For Fr Ibrahim, the terrorist attack was meant to cause panic in the population. The Jihadi message is "either with us or you die”. Rockets hit a retirement home, killing a 94-year-old woman, and wounding two more. Islamic State attacks in Tartus and Jableh, which killed more than 100, is a "message" to the Russians.
Damascus (AsiaNews) – Fr Ibrahim Alsabagh, 44, a Franciscan pastor and keeper of the Latin parish of St Francis in Aleppo, Syria’s northern capital, spoke to AsiaNews about the latest attacks in the city.
On Saturday evening, Jihadis launched two rockets against the Terra Sancta College, which is run by the Franciscan (pictured), killing one, and seriously injuring two elderly people who had sought refuge there.
For the clergyman, those who launched the rockets were aiming at the “area where the Terra Sancta College is located, which is next to military barracks for young recruits”.
Jihadis “target civilians to cause panic among people.” This is a “terrorist-style attack meant to strike at the innocent to send a message: either you are with us, or you die,” Fr Ibrahim explained. They want to sow chaos and instil fear in the population “by terrorising people into choosing between them or we wipe you out. This is why they target the innocent before the military.”
The woman who “died was 94 years old.” She had sought shelter at the centre to "escape the violence of the war."
The wounded "are two women, in their 80s, who were also staying at the college’s senior citizens’ centre, which had been relocated in April 2015 after the St Vincent de Paul Centre came under attack.”
"The elderly women thought it would be safe and that they might die in peace inside the Custody, but that was not the case,” the clergyman said.
About 20 elderly people live in the college who were bombed out of their homes. Until now, the centre, its school and the big park around it had been one of the safest sites in the city, and had been spared the blind violence that has so far killed 280,000 people in five years.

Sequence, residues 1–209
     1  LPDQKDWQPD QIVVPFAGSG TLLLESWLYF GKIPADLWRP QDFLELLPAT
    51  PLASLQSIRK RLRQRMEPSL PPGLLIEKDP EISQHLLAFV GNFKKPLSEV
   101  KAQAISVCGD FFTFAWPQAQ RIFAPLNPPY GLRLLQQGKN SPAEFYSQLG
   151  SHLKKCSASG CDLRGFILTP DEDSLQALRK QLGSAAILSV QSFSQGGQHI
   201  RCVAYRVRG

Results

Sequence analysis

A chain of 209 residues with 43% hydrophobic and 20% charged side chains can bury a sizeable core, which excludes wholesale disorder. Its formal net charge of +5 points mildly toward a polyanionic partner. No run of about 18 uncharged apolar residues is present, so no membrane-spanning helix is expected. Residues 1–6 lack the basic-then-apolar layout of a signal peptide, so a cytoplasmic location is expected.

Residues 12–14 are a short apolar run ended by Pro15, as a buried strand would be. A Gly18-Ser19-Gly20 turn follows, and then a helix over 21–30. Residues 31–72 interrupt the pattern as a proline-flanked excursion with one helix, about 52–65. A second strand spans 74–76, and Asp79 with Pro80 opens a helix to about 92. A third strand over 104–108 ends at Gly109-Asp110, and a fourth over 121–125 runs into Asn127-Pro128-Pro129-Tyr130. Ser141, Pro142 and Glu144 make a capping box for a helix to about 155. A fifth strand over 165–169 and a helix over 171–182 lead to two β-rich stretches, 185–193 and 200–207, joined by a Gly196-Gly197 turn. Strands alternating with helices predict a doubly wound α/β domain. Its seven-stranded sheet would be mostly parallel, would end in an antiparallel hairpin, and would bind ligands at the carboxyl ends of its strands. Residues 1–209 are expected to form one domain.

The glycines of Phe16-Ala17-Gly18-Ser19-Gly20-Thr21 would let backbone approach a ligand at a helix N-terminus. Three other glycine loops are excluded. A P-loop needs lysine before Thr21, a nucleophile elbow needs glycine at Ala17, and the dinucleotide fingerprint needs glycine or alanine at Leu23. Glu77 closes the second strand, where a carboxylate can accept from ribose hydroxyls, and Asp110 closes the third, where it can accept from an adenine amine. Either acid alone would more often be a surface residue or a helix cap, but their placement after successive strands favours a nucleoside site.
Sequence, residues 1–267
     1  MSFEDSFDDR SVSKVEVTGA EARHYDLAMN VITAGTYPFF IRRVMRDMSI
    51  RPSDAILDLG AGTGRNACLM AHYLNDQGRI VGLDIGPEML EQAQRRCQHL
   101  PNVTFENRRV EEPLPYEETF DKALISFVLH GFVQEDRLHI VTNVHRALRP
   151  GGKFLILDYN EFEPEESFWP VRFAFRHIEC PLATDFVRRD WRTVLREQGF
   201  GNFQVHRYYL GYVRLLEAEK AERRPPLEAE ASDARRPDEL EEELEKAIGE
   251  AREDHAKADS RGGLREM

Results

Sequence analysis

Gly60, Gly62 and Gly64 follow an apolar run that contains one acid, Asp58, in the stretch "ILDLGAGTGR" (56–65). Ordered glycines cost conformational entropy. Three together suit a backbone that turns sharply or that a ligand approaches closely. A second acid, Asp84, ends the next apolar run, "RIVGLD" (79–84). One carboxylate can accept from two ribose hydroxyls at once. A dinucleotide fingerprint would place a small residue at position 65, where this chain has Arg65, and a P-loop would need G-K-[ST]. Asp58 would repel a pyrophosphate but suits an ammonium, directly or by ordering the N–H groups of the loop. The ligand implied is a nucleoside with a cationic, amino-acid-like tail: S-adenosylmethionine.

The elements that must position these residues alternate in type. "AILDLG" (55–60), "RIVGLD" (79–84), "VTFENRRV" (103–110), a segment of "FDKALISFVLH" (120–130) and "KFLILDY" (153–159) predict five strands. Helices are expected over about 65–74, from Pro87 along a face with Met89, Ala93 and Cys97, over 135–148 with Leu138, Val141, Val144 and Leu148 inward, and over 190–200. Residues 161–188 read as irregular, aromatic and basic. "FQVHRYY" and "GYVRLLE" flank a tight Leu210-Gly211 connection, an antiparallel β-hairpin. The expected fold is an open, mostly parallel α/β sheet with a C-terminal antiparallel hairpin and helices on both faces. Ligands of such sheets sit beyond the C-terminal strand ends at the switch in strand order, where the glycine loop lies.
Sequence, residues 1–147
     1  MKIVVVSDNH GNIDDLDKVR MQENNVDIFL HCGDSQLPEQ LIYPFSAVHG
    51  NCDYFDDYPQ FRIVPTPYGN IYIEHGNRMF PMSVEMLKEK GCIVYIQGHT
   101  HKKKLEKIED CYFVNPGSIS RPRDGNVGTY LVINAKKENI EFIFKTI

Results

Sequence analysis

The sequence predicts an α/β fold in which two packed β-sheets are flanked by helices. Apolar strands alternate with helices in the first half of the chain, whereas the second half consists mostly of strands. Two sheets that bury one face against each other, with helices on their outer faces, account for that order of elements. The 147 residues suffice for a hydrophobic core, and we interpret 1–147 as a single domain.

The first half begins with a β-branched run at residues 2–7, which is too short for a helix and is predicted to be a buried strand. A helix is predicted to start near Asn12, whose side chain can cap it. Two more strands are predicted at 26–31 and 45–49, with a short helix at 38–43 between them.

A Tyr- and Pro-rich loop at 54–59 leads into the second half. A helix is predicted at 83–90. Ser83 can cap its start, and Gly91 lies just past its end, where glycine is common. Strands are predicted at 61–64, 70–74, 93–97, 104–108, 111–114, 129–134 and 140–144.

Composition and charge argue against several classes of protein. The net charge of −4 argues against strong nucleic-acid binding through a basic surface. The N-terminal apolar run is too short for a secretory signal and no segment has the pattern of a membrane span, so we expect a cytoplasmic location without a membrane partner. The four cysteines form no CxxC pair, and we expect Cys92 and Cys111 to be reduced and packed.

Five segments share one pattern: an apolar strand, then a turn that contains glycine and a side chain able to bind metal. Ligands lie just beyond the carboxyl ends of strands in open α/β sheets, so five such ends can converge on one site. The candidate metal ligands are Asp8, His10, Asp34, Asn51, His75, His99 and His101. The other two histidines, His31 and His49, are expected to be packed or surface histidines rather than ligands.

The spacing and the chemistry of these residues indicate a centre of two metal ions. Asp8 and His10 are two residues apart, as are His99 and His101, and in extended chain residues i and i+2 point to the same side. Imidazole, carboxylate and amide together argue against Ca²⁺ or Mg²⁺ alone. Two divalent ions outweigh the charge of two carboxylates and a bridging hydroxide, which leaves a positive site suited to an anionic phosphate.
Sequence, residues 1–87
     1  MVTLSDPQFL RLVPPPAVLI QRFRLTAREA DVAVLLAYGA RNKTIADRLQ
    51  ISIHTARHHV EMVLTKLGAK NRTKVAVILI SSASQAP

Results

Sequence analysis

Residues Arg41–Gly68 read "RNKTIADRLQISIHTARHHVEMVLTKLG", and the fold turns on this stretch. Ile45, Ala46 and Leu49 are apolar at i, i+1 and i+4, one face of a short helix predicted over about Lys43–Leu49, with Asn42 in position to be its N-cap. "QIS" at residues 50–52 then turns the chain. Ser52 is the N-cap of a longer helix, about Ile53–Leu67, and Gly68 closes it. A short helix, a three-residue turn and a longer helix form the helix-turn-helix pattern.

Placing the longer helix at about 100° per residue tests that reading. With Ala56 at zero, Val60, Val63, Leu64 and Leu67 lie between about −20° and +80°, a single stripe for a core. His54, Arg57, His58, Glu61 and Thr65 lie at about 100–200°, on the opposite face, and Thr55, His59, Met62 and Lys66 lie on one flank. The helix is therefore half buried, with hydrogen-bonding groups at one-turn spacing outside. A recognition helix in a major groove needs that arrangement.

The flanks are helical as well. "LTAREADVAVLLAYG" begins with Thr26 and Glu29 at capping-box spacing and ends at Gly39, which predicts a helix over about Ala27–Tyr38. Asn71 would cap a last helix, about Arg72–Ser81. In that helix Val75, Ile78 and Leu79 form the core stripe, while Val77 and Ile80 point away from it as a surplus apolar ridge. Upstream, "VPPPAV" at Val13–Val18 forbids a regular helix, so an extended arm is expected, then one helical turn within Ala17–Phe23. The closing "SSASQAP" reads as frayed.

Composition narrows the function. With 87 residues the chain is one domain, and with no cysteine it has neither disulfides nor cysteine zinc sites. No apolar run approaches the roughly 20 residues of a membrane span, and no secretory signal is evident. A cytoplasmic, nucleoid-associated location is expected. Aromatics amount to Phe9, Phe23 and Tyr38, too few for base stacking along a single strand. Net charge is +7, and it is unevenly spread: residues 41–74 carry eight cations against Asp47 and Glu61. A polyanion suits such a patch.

It was considered "almost the safest area Aleppo", Fr Ibrahim said. It had been hit only by two or three rockets in five years. The compound was big, and included a school, which was the most prestigious one in the city.
At some point, government soldiers requisitioned a section “to set up barracks for young recruits”. However, it was still “left in peace, some sort of green lung in Aleppo, the only place where families could come for their children to breathe clean air.” People came for the camping, “which we were restoring,” Fr Ibrahim said, to host local families.
In Aleppo, the Franciscans have three centres: the parish of St Francis of Assisi, which was hit once, the Er Ram convent, which was hit five times, and Terra Sancta College. "Now none has been spared by bombs and rockets.”
In their latest attack, the Jihadis used a metre-and-half long rocket, not an artillery shell. This shows that “the military potential available to extremist Islamist groups is growing. Their goal is to hit western Aleppo,” which is under government control, and “where Christians live”.
Today, several attacks were carried out in two cities on the Syrian coast, Tartus and Jableh, in Latakia province, a government stronghold. At least a hundred people were killed with more than 120 wounded.
The Islamic State (IS) group claimed responsibility for the attacks, the pro-IS Amaq news agency reported.
Alawis, a religious minority to which Syrian President Bashar al Assad belongs, were the target, but Christians, Sunnis, and Shias also live in the area, Fr Ibrahim said.
Tarsus is also the home base for Russia’s Mediterranean fleet. This is why the attacks are probably “directed at Moscow rather than Damascus”.
IS wants to show that it can “strike everywhere and sow chaos” with “ever more sophisticated weapons”.
The tragedy for the clergyman is the fact that “ordinary folks, who are innocent, always pay the price” of car bombs, embargo and sanctions.